Join Date: Jan 2011
Location: France, Pas-de-Calais
Drives: Kia Ceed, MGTF, Various Jeeps new and old, FIAT 500
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Firstly. It's a simple point of UK Contract law. They have provided a warranty contract that they wish to caveat by a contract term. If you sued for breach of contract they would have to prove that the clause term applies and is relevant. You cannot simply apply a term and then expect a blanket "get out of jail". For instance you as a manufacturer would fail under UK law to void a warranty claimed due to a suspension fault if the engine oil had not been changed ever. Even if the engine failed and the service had not been done the manufacturer by law would have to prove, if taken to court, that the failure is directly due to the lack of service, otherwise they would be liable.
Secondly. Under UK law, or in any Common Law jurisdiction, the court applies a test known as the Reasonable Person. That is no matter what is actually written in a contract they will consider what a Reasonable Person would do. So if the contract says change the oil after 20,000 miles and you do it after 22,000 they will consider if this is reasonable. Which it is!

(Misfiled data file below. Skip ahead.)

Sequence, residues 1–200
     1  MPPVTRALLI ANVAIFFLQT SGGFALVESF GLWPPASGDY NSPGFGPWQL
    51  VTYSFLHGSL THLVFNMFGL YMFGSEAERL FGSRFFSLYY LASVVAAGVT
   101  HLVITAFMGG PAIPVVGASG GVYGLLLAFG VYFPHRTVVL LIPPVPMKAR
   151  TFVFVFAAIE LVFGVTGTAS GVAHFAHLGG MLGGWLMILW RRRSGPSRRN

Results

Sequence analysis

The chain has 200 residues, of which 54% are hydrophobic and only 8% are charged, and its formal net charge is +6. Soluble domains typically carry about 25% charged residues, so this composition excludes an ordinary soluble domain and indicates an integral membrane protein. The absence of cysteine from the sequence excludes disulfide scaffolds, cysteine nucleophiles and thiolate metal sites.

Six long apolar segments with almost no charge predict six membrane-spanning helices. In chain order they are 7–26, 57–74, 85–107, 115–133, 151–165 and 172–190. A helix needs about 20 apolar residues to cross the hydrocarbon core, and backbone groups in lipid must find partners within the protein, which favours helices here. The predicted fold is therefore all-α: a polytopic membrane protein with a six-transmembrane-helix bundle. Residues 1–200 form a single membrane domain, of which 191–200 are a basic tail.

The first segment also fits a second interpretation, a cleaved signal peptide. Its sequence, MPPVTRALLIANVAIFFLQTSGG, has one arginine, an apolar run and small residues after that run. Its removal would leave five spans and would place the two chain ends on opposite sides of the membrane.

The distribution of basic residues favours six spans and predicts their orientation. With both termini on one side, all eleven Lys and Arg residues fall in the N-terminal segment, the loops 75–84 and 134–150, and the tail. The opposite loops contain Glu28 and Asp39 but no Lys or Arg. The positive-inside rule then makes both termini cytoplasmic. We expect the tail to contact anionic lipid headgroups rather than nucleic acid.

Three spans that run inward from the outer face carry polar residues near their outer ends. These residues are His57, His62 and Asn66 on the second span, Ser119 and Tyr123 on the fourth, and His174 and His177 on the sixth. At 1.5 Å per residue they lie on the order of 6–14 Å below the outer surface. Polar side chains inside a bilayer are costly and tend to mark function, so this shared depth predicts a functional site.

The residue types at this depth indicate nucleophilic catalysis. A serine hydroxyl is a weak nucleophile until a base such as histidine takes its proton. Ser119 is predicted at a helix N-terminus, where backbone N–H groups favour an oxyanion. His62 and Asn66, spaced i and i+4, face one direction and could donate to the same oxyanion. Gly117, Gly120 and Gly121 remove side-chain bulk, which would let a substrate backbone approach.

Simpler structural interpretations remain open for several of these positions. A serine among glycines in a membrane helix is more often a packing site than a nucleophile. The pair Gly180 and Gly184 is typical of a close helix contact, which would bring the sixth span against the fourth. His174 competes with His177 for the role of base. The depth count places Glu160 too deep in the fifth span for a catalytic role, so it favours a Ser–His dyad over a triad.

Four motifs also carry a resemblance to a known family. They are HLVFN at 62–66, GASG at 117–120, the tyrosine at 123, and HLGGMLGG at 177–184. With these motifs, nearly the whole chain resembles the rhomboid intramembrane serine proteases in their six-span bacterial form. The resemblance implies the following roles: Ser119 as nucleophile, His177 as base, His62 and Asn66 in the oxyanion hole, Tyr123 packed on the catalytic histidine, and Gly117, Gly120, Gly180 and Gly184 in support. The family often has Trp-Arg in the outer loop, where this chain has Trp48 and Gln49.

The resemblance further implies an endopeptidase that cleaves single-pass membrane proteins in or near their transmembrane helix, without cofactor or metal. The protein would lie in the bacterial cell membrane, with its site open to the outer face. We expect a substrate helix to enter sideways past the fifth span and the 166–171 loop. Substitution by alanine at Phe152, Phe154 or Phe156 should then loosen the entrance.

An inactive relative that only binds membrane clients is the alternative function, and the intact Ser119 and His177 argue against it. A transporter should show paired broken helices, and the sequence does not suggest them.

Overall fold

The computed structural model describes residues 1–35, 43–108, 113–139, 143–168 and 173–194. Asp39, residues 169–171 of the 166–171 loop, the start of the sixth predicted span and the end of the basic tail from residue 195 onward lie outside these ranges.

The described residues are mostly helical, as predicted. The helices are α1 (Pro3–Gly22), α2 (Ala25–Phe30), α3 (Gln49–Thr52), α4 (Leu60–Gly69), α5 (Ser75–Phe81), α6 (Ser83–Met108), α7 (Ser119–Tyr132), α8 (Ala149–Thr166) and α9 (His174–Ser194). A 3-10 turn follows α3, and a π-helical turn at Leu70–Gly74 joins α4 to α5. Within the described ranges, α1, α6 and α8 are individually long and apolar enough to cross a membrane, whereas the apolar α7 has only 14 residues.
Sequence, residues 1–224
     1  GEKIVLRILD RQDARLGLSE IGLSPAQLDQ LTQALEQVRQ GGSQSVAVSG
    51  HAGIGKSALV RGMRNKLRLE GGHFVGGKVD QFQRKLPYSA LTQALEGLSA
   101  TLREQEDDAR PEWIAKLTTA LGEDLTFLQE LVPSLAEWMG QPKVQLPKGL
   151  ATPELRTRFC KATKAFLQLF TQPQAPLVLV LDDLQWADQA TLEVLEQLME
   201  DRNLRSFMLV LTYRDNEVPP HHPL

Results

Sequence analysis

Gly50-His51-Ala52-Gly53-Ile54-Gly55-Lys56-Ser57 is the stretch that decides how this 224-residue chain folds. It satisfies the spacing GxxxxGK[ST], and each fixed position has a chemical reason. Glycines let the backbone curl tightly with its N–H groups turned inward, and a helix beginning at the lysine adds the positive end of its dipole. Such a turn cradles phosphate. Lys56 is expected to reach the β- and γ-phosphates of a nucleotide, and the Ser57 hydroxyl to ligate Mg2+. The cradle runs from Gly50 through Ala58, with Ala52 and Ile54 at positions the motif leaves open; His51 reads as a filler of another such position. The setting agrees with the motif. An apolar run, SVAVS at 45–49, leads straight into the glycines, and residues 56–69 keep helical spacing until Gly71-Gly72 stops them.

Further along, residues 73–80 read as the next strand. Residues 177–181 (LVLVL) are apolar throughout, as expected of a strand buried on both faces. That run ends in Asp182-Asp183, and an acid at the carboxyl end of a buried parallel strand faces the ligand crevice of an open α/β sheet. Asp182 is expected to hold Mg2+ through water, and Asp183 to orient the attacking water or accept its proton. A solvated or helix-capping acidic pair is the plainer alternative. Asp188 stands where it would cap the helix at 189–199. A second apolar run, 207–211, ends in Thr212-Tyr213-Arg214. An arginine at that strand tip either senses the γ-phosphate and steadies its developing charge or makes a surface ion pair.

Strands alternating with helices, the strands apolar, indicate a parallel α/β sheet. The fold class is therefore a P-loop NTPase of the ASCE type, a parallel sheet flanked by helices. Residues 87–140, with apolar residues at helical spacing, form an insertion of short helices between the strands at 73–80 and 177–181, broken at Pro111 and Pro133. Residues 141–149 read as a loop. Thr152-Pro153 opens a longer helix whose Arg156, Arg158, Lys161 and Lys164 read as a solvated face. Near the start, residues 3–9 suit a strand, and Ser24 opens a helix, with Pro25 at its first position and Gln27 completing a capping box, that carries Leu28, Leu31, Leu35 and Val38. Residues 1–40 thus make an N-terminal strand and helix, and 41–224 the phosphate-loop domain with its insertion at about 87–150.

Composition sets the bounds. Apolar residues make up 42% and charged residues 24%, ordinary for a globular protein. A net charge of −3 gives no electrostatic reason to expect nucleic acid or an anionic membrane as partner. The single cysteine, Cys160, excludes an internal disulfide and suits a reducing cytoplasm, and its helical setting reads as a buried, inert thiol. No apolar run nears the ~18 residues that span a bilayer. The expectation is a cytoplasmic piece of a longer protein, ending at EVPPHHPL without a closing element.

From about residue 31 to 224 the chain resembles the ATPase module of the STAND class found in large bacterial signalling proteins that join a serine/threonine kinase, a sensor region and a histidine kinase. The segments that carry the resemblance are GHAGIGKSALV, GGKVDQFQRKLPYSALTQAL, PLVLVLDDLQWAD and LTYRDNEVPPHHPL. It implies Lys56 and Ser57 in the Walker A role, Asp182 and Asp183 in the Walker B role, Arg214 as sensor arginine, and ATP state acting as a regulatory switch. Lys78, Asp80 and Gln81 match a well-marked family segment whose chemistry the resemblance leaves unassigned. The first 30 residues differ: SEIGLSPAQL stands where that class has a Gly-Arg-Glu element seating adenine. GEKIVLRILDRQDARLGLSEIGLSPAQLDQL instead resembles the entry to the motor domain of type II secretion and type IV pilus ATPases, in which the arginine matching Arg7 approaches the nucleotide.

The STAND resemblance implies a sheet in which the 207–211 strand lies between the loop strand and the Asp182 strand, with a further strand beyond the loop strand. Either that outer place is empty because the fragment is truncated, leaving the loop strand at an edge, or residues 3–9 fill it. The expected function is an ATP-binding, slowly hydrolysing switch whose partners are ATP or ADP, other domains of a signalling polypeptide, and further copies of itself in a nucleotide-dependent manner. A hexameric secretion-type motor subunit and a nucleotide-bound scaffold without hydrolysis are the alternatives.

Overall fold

Thirdly, civil law does not generally provide for black and white decisions so if a new engine needing 4k replacement was needed but you had missed a service that had directly contributed to the failure then you would by law still be entitled to the proportion of the cost of the that was not due to servicing issues.
Fourthly, there is a 1999 consumer act that prevents "Unfair Contract Clauses". Clauses that simply void a warranty based on a condition, without proving the relevance of the condition have been ruled as unfair. For example if I we signed a contract that said I would buy your house but in the small print said you had to have a turnip in your pocket, and I failed to buy the house because you did not have a turnip, you could sue me and would win unless I could prove the turnip clause was relevant to the deal.
Finally the EU for those in it made a lot of the traditional conditions in Car warranties illegal as from 2003 and this has been slowly filtering into UK law. This includes the condition that cars must be serviced by a main agent. Stipulating this is now illegal.
So while this all seems a lot of legal issues that require you to go to
Court, warranty providers know this and hence do not void warranties for all but very serious infractions (typically only write-off accidents excl Cat D). So you do not have to go to court and they fix your car.
As I said I do not know any first hand examples of a manufacturer warranty being voided due to servicing issues.